Thursday, June 26, 2008


I'd like to tell two further stories about Tuesday's extra-curricular Miss Universe event, the Most Charming in Áo Dài competition. One today and one tomorrow. We arrived in the auditorium about twenty minutes early and took our seats, which were really excellent (thanks to one of Sunshine's coworkers): third row, dead center. Since the first row of our section was reserved for the judges, there were plenty of notable people milling around the orchestra pit before the show. Sunshine was helping to identify them. At one point a woman in a red velvet áo dài and gold khăn đóng (the traditional áo dài turban, made by wrapping a ribbon dozens of times around to make a reel capping the top of the head1) came down the aisle, earning some hubbub from the assembled photographers. "Is that Miss Việt Nam," I asked, sensing she was maybe someone important. Sunshine pointed out that her áo dài, though nice, was nowhere near the caliber we were expecting to be onstage that night. There was no way she could be a contestant. Who did she end up being when she finally turned around? The current Miss Universe, woefully underdressed for the occasion. I've been carping all along about how this pageant rarely elects black or Asian people. Pageant wonks argue these claims by pointing to the latest ambiguously orange-gray Latina or deeply-tanned Swedish type. Lately, they've brought up the current Miss Universe, last year's Miss Japan, only the third east Asian woman to win the title since the day I was born.* The thing is, while she looks somewhat more Asian than the Swiss Miss girl, she also looks less Japanese than a Cherokee croupier. In Tuesday’s áo dài she could pretty much pass for a Vietnamese usher though, so that's something. [Cavin]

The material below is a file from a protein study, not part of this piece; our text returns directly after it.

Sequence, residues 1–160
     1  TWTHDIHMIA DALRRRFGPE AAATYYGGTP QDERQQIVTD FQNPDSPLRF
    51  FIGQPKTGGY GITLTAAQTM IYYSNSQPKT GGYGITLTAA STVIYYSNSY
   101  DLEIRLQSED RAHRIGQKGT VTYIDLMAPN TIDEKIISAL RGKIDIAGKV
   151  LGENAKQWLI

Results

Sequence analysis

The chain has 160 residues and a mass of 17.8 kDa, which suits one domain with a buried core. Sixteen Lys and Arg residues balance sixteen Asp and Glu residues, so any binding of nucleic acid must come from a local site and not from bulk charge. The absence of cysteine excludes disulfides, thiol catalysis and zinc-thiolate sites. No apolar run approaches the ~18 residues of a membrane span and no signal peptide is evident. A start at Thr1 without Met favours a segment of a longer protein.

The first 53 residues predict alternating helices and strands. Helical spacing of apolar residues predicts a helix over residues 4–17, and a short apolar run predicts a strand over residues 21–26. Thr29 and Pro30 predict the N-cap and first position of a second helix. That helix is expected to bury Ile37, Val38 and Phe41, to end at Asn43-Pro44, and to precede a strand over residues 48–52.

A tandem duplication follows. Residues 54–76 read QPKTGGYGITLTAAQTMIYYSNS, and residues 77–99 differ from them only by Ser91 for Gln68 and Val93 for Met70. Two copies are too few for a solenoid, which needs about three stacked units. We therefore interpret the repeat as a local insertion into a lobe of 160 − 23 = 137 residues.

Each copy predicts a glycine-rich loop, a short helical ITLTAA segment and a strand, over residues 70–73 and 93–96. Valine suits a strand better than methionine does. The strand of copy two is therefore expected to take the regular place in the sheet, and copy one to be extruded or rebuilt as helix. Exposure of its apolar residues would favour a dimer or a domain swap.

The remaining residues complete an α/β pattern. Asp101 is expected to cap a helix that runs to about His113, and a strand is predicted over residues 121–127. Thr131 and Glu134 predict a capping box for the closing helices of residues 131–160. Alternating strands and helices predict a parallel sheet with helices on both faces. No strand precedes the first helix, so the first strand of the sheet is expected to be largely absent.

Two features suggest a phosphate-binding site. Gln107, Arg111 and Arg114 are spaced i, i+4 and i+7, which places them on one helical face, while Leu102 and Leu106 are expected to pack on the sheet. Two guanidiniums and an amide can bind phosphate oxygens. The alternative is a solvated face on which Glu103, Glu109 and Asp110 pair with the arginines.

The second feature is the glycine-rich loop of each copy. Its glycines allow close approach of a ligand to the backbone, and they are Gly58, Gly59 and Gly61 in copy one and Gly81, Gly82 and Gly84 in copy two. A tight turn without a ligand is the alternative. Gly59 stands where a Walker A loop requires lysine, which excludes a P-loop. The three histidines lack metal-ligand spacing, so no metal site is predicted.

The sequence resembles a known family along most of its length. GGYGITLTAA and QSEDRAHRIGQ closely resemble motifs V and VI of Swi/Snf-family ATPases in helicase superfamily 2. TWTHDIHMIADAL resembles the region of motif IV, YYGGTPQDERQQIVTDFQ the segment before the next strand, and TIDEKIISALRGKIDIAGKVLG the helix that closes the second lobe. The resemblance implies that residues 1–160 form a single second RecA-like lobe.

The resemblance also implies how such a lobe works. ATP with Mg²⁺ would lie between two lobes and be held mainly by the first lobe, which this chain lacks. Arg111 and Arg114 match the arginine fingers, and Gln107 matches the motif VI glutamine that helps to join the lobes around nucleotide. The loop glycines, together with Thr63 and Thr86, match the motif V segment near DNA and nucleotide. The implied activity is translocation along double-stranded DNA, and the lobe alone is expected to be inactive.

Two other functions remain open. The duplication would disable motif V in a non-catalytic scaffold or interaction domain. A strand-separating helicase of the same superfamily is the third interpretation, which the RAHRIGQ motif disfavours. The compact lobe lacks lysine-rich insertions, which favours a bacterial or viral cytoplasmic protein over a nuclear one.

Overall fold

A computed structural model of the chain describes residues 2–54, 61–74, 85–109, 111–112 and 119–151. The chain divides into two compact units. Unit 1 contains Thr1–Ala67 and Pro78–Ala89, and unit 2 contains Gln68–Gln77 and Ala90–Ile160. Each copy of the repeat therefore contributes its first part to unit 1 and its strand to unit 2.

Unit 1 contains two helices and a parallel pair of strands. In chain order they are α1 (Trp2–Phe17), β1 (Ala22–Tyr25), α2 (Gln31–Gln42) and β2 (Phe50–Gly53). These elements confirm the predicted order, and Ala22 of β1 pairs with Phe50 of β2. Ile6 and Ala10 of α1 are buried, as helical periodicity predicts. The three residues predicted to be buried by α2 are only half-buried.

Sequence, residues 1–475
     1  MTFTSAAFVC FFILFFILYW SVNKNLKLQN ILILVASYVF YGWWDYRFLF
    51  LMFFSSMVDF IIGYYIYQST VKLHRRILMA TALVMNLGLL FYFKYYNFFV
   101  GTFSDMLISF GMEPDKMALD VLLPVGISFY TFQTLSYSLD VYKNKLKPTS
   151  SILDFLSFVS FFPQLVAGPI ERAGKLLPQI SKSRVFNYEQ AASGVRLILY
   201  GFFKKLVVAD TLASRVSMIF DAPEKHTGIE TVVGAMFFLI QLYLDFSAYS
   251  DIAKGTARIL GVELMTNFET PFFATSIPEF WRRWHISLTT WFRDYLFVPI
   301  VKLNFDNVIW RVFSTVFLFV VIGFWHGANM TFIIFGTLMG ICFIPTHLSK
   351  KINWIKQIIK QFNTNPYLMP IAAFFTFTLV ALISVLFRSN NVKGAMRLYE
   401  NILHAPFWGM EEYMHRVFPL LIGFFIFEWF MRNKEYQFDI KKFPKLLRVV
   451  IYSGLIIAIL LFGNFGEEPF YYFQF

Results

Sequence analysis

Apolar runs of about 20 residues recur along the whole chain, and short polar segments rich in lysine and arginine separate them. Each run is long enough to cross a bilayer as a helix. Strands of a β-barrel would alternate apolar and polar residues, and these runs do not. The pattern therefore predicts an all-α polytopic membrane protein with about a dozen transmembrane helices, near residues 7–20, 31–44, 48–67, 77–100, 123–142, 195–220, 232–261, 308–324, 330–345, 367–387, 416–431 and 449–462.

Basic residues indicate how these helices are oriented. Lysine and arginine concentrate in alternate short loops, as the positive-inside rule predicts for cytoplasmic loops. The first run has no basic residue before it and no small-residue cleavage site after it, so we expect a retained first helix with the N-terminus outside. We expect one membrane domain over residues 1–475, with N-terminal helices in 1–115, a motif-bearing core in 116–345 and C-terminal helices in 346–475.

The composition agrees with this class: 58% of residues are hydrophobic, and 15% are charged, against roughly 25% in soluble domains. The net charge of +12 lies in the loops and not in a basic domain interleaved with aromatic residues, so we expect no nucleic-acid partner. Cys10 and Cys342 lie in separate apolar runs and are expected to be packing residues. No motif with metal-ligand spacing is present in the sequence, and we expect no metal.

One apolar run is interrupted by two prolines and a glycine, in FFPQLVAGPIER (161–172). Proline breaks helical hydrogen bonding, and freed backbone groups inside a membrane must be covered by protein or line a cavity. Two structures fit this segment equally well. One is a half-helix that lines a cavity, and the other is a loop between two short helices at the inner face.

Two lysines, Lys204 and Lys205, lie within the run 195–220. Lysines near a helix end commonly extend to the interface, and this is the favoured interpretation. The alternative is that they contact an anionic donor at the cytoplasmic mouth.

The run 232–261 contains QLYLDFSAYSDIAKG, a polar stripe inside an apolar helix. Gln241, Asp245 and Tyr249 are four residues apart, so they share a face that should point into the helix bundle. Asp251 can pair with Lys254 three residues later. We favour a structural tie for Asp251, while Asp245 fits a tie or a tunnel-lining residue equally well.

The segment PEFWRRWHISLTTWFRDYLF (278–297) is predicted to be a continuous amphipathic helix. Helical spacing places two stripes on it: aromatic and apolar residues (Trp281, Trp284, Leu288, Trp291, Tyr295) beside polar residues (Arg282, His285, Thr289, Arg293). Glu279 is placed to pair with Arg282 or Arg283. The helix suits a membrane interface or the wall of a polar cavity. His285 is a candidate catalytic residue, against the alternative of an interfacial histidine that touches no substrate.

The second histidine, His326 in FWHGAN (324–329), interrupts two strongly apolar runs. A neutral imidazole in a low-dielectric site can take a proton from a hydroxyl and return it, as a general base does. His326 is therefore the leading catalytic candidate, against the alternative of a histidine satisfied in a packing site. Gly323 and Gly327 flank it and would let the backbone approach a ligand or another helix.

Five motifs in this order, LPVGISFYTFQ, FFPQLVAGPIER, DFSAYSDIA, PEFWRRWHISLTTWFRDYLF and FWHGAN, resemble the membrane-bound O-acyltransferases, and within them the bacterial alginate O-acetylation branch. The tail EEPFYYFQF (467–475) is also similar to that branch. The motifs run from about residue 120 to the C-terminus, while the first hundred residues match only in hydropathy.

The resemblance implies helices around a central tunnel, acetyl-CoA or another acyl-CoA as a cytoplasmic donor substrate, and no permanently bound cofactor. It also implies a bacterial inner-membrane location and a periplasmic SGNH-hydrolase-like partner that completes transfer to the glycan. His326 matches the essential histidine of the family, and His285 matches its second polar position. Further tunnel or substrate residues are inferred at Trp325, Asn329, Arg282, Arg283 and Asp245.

Then, a 1 sided conversation ensued...

To which Blogger Mr. Cavin added:

* What about black people? There have only ever been three African countries to hold the title of Miss Universe; and of those, only 1999's winner from Botswana, Mpule Keneilwe Kwelagobe was black. For the record, she was elected in a year hosted by Trinidad and Tobago, one year after Wendy Fitzwilliam, Miss Trinidad, etc., also black, was crowned in Hawaii and twenty-two years after Janelle Commissiong had first won the Miss Universe title for that country, becoming, coincidentally, the first-ever black woman to wear the sash and tiara back in 1977. In the middle of all this, Chelsi Smith, Miss Texas and Miss USA 1995, became the second-ever black Miss Universe in a ceremony hosted by the nation of Namibia. So the answer is four.

Saturday, June 28, 2008 9:07:00 PM  

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